"Domestic abuse is everyone's problem" - police mission takes on pervasive crime

Helen Murphy and Det Supt Paul Goundry, safeguarding unit at Aykley Heads police headquarters in Durham

Helen Murphy and Det Supt Paul Goundry, safeguarding unit at Aykley Heads police headquarters in Durham

First published in Leader
Last updated

“You can’t stereotype victims,” explains Detective Superintendent Paul Goundry. “Some can’t leave because it’s what they know; they know that on a Friday night after their partner has had a few beers they bear the brunt of it. The alternative is leaving the family home, having no security and no money if they’re depending on their partner for it.”

The senior detective is explaining just why domestic abuse is a complex crime to tackle; requiring the involvement not just of the long arm of the law, but the far-reach of countless other services.

“It goes back to how can the police force unpick that? We have to have our outreach services; they might need information on where to get a solicitor, legal aid advice, housing advice...”

Helen Murphy, who is Durham Constabulary’s strategic coordinator for Sexual Violence and Domestic Abuse, agrees. She says it requires more than a police response to an emergency call:

“The biggest strength we have in Durham is all the agencies working together and we have really good leaders who really get what domestic abuse is - that it’s not just one contact with the victims - that it’s often going to be a long-term involvement with the victims, gaining their trust and spending a long time dealing with the perpetrator.”

She added: “Personally, I think domestic abuse is everybody’s problem.”

It’s one of the reasons why - when a report into how the nation’s 43 police forces were handling domestic abuse dealt out some damning verdicts - some felt privately some of the criticisms from HM Inspectorate of Constabulary (HMIC) were unfair. That they were carrying the can for a whole host of agencies involved in tackling domestic abuse; from the Crown Prosecution Service (CPS), to housing providers and social services.

Durham Constabulary was one of a handful of forces in the county to be praised for providing a “good service” to victims. Most of the rest were told their response was “not good enough” and to take decisive action to rectify it.

Domestic abuse accounts for a considerable proportion of overall crime; according to HMIC it costs society an estimated £15.7 billion a year and in 2012/13 an estimated 77 women were killed by their partners or ex-partners. It accounts for one third of all recorded assaults resulting in injury.

Police in Durham and Darlington receive more than 13,000 calls relating to domestic abuse each year.

Detective Superintendent Paul Goundry is the safeguarding lead for Durham Constabulary and sits on the national domestic abuse forum for the Association of Chief Police Officers (ACPO).

He says in addition to pursuing a criminal conviction against perpetrators in court, through the CPS, they have a large range of other policing powers and legislation to take on domestic abusers.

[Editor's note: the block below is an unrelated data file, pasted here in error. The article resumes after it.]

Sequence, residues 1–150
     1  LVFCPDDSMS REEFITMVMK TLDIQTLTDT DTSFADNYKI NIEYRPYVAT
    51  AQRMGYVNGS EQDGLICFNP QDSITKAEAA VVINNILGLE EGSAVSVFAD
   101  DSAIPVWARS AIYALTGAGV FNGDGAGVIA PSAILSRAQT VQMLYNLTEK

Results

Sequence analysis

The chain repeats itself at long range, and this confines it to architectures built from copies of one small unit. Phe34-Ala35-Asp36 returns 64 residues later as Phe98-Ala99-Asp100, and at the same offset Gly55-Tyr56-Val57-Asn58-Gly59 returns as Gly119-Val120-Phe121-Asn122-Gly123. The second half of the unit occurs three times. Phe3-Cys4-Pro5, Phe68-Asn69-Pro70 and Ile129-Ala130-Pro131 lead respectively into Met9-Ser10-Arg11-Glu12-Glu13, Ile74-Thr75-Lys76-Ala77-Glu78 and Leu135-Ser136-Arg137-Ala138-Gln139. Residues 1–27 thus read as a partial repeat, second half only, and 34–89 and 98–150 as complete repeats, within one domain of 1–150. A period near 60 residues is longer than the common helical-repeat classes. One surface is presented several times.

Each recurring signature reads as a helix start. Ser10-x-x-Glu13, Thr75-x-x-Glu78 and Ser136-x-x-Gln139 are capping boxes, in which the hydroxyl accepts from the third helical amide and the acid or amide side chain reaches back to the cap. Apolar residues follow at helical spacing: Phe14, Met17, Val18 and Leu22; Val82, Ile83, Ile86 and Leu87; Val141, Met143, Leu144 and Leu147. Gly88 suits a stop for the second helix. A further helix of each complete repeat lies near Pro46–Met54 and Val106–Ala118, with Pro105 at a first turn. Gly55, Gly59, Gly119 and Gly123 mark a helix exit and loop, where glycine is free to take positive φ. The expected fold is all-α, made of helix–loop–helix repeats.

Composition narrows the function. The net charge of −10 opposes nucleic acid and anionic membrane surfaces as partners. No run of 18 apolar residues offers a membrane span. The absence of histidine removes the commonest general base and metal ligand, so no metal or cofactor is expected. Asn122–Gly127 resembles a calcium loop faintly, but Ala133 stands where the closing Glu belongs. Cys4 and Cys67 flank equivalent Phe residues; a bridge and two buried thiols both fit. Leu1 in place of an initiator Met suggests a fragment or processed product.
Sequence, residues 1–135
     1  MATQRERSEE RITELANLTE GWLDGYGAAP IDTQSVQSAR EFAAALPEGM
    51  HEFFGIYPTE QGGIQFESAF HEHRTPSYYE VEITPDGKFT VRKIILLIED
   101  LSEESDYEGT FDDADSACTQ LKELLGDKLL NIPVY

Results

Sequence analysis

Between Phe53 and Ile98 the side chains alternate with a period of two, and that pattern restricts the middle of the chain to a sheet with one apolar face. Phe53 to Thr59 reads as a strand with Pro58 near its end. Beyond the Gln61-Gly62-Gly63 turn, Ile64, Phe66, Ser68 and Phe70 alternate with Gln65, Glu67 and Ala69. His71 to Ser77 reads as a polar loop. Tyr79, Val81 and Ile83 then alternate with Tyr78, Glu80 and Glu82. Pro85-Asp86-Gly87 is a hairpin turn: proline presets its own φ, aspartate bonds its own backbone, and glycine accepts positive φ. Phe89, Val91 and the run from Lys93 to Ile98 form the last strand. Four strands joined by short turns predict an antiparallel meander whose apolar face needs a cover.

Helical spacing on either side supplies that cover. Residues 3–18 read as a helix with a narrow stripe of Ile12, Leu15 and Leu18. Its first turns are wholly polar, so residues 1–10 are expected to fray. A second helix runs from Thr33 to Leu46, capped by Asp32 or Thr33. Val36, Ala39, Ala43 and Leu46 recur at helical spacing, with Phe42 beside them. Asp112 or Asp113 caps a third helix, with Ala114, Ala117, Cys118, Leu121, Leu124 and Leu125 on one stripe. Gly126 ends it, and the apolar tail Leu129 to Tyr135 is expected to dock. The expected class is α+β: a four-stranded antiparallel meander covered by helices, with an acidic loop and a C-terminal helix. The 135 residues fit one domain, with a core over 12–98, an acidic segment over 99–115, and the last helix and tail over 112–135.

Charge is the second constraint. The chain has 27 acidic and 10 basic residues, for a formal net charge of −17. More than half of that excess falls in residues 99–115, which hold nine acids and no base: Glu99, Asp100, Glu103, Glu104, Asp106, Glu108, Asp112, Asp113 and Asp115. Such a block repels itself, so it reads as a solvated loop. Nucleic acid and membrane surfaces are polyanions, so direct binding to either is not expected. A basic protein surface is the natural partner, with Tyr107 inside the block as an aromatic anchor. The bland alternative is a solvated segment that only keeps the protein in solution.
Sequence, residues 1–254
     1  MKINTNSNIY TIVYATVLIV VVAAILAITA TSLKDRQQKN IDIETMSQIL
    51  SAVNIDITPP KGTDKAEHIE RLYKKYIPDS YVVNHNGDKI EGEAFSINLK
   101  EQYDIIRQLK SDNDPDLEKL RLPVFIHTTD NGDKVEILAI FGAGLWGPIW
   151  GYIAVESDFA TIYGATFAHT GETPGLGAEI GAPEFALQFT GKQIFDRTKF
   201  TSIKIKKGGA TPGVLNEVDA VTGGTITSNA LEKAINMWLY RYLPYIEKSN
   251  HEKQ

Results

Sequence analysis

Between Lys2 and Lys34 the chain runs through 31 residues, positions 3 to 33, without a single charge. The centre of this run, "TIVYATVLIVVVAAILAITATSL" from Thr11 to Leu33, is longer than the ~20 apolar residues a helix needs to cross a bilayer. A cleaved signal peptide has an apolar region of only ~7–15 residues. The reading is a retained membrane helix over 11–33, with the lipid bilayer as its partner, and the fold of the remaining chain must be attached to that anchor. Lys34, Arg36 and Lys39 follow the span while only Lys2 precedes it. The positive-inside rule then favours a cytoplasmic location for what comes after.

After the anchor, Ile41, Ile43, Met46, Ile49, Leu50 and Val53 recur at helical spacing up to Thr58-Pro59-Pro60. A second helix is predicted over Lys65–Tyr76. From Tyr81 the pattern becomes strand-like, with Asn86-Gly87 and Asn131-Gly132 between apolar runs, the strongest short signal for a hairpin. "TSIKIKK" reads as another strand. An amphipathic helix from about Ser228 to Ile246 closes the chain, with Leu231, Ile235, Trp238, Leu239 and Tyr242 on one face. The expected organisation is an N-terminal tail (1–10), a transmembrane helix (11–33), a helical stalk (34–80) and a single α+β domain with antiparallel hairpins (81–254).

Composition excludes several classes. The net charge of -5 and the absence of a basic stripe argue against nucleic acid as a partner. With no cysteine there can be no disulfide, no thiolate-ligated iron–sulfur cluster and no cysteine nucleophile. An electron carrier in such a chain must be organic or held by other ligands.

“Often they get a jail sentence. If they don’t, we target them. There are civil orders that allow us to put restrictions on them, or just knock on their door and tell them “you’re a target for us and we’re watching you”. We have quite a tool kit,” says the senior detective.

Every officer in Durham Constabulary receives domestic abuse training and each shift and beat team has a safe-guarding champion with expert knowledge.

All police forces were recently given new powers to disclose to a partner’s violent past under Clare’s Law, the Domestic Violence Disclosure Scheme.

It allows a partner of someone suspected of domestic abuse, or their friend or relative to ask police for information. Officers can also volunteer the information to those they want to protect.

The legislation was introduced in response to the murder of Salford mother Clare Wood. She was killed by her estranged partner, who, unknown to her, had a history of violence against women.

“Everything might be hunky-dory and then an officer knocks on their door and tells them their partner is a known domestic abuser,” explains Det Supt Goundry.

“We do that because we want to give that information to their partner before they become entrenched in a relationship with children, housing, and finances. Where they can, officers will disclose various information to the victim; they might inform them, “they start with hair-pulling and then move on to this behaviour” and it starts to click.”

Despite receiving praise from its recent HMIC inspection, Det Supt Groundry says it would be unwise for them to be complacent about their approach.

“One thing we need to do is listen to victims and do some professional, accredited work around victims’ voices.

“We’re working with Durham University on this and it’s a massive piece of research. We’re speaking to hundreds of victims of domestic abuse and then re-evaluating all our training and putting the victim even more at the centre of what we’re doing.

“If we have to train the whole force as a result of that accredited work, then we’ll train the whole force; that’s the level of commitment we have to this.”

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